Just to add: if we’re talking about the deuteros here, Luther only ‘removed’ them in the sense that he put them in a separate section called “Apocrypha: These Books Are Not Held Equal to the Scriptures, but Are Useful and Good to Read” (he didn’t even translate them personally: his friends Philipp Melanchthon and Justus Jonas did the job). He personally didn’t chuck them out of the Bible altogether. (The only books he didn’t include were Latin 1 and 2 Esdras, which to be fair while found in copies of the Vulgate wasn’t accepted as canonical by Catholics anyway.)
For English Bibles, Puritans and printers are pretty much the ones to blame for the outright disappearance of the deuteros from Bibles. Most Protestant translations starting from Tyndale up to the KJV followed Luther’s example of placing the ‘Apocrypha’ in a section between the OT and the NT. It was only by the mid-17th century that the section started to disappear in some English Bibles, and only the 18th century onwards that the process became complete.
You had to remember that Protestants themselves don’t agree about the deuteros. While Lutherans held that these books were uninspired, they still valued them as supplements and encouraged their study. The Church of England insisted (and insists) that they be included in any Bible intended for public worship (private Bibles are another matter), and includes passages from them in the lectionary and the liturgy, but at the same time it holds, as per the Thirty-Nine Articles, that “And the other books (as Hierome saith) the Church doth read for example of life and instruction of manners; but yet doth it not apply them to establish any doctrine.” (Note: the Thirty-Nine Articles lists Latin 1-2 Esdras). Puritans were really the ones who were against their inclusion in the Bible at all.
The KJV, as other Protestant Bibles at the time, originally included the Apocrypha in a separate section. (While the KJV was really born because when a new translation was proposed to King James in response to the perceived problems of earlier translations as detected by the Puritan faction of the CofE, and while there were Puritans among the translators, overall the translators were instructed to limit the Puritan influence on this new translation: hence the inclusion of the Apocrypha and the KJV’s choice to retain words like ‘church’, ‘baptize’ or ‘bishop’, to which the Puritans objected.) However, by 1644 - during the Puritan ascendancy - the Long Parliament forbade the reading of the books in church, followed by the 1646 Westminster Confession’s declaration that " the books commonly called Apocrypha, not being of divine inspiration, are no part of the canon of the Scripture, and therefore are of no authority in the Church of God, nor to be any otherwise approved, or made use of, than other human writings."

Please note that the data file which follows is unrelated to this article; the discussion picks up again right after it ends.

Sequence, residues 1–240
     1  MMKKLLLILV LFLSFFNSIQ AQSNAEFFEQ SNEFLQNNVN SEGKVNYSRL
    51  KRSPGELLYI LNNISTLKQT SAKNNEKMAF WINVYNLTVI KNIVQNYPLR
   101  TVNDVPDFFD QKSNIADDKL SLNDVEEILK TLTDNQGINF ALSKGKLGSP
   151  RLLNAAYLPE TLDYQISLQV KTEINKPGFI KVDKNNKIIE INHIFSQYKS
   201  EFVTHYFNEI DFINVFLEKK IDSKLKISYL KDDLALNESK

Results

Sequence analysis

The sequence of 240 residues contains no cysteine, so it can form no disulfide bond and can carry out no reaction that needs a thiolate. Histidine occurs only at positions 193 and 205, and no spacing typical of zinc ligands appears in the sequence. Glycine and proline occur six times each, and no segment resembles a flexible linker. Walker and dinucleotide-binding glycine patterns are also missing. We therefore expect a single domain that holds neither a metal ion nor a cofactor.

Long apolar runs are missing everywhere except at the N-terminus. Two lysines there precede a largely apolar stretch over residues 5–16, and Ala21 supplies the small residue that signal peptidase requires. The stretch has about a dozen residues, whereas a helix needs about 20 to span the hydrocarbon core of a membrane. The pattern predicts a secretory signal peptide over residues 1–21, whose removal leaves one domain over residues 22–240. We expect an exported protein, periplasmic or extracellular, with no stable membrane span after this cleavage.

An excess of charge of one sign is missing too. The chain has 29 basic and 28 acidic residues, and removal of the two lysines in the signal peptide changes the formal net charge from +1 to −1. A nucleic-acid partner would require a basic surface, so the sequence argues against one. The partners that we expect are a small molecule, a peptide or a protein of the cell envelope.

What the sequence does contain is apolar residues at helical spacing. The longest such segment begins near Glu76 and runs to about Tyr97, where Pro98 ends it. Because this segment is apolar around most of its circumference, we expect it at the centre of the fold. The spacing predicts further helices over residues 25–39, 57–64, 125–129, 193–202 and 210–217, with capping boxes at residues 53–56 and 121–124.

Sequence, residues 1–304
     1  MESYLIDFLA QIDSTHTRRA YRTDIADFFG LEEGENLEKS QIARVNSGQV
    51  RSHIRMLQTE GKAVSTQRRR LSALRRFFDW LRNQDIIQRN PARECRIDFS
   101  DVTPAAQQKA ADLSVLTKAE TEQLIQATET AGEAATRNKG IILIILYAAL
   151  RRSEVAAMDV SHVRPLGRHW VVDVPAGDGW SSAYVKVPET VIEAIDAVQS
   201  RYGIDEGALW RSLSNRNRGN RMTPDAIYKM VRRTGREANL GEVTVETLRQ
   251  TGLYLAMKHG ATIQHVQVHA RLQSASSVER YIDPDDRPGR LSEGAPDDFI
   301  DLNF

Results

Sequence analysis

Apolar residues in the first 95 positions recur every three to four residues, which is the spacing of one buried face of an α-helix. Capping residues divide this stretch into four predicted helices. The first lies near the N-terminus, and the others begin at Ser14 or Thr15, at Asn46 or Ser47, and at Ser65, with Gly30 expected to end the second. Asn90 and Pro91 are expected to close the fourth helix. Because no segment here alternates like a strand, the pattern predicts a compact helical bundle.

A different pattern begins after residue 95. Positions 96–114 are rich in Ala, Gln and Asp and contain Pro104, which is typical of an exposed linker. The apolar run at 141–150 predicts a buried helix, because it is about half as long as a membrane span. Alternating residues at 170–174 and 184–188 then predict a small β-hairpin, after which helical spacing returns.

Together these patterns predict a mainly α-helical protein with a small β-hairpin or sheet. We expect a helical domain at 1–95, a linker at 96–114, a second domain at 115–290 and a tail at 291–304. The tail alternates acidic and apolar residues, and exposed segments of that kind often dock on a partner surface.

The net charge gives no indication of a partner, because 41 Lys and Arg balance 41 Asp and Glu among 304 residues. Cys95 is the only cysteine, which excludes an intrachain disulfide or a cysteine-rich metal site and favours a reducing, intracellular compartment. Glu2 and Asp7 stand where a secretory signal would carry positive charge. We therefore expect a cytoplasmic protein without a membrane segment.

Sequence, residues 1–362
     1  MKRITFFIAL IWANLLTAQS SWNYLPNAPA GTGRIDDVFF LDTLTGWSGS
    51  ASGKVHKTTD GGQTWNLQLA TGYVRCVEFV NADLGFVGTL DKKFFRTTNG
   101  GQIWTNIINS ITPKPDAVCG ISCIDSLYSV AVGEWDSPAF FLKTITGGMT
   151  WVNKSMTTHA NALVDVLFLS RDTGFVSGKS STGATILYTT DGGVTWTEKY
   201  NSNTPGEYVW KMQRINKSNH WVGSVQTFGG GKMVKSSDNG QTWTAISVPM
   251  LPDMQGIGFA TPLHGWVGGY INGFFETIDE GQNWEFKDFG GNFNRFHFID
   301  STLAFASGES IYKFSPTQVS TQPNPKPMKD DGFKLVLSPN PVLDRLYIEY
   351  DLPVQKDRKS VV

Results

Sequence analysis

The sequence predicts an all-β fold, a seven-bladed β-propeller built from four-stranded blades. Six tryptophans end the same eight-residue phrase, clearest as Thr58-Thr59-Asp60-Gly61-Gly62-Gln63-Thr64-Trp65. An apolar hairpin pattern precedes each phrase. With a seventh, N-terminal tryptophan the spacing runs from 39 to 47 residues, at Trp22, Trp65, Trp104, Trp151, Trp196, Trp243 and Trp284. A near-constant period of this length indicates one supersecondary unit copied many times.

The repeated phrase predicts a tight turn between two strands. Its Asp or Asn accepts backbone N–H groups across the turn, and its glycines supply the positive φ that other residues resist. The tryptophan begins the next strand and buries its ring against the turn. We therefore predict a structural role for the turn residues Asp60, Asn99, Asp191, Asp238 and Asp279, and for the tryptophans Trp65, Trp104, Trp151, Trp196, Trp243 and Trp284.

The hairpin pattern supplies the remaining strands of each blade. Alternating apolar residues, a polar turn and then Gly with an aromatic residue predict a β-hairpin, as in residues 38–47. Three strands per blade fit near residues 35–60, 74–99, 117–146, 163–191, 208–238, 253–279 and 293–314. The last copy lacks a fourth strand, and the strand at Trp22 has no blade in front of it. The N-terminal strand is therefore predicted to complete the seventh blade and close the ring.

During the Restoration of the monarchy of the 1660s, Bibles used for public reading in churches contained the ‘Apocrypha’, although at the same time, you had some private Bibles without the Apocrypha section.
It was only after 1769, when the KJV’s text was standardized, that things changed. The technological development of stereotype printing made it possible to produce Bibles in large-print runs at very low unit prices. Printers found out that omitting the Apocrypha section reduced the cost, while having increased market appeal to non-Anglican Protestants. In other words, more profit. It is with the rise of Bible societies that the Apocrypha section finally disappeared in many Bibles. The British and Foreign Bible Society withdrew subsidies for Bible printing and dissemination in 1826, under the following resolution:
“That the funds of the Society be applied to the printing and circulation of the Canonical Books of Scripture, to the exclusion of those books, and parts of books, which are usually termed Apocryphal; and that all copies printed, either entirely or in part, at the expense of the Society; and whether such copies consist of the whole or of any one or more of such books, be invariably issued bound; no other books whatever being bound with them: and further, that all money grants to societies or individuals be made only in conformity with the principle of this regulation.”
The American Bible Society adopted the same resolution. Both societies reversed these policies in the 1960s, but still, you can still feel the effects today in the lack of the deuteros in many non-Catholic Bibles.